From Santa Monica, California, USA:
My five year old daughter was diagnosed as being clinically obese three and one-half years ago. She now weighs about 78 pounds. In the past, we have had an MRI to check for a tumor, which came back negative. When she was three, we had two blood draws in the same day to check for insulin and cortisol levels (both normal, according to the doctor). Last month we saw an endocrinologist who ordered another blood draw to check for insulin levels. We had this done this week and I'll see the endocrinologist next week. What are the ramifications? What are we looking for? She really doesn't eat more than her peers, she's active with sports, ice skating, climbing, walking, etc. We're at a loss as to why she's so big and doesn't eat that much. She loves/craves sweets, but we monitor that to one dessert per day (one nutritionist we went to said not to deny the desserts because that could create a closet eating disorder later, so we allow sweets within reason...one cookie, one candy, one ice cream, etc. per day). We need help. I'm at a loss as to what to do.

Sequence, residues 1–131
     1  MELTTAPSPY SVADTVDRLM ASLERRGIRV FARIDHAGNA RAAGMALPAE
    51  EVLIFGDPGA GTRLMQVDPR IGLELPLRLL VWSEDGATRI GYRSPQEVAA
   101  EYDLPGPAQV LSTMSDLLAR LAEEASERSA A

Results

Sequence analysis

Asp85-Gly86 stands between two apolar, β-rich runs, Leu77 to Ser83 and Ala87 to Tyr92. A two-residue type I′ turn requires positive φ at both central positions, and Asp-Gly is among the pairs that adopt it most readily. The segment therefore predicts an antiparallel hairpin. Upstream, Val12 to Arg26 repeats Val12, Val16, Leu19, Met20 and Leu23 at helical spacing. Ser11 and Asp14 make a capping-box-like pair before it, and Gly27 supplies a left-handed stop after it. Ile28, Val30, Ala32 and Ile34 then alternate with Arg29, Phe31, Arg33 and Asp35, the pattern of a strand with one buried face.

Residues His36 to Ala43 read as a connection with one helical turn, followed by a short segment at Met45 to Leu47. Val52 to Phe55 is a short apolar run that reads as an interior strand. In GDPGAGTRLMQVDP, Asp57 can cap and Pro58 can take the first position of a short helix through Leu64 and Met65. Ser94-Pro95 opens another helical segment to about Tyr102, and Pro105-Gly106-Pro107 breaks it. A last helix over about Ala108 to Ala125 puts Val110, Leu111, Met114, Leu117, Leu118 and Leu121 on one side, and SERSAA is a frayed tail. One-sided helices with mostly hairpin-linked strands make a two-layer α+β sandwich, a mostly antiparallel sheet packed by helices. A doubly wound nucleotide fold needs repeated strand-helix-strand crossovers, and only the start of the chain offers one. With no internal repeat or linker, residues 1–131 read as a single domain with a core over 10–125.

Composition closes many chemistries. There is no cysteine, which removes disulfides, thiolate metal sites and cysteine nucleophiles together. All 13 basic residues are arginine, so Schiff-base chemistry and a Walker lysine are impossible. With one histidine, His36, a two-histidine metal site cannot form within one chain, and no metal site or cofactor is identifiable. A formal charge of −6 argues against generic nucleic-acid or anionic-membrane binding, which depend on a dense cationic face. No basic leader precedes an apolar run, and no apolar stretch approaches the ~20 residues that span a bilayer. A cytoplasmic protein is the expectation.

As we learn more about Type 2 diabetes, we are learning it can occur in children, even little ones. I am sure he is looking at the insulin level to see if there might be early tendency to type 2 diabetes.
Obesity is a tough problem for everyone in America.
Original posting 31 Aug 2000
Posted to Diagnosis and Symptoms
Last Updated: Tuesday April 06, 2010 15:09:14
This Internet site provides information of a general nature and is designed for educational purposes only. If you have any concerns about your own health or the health of your child, you should always consult with a physician or other health care professional.
This site is published by T-1 Today, Inc. (d/b/a Children with Diabetes), a 501c3 not-for-profit organization, which is responsible for its contents.
© Children with Diabetes, Inc. 1995-2016. Comments and Feedback.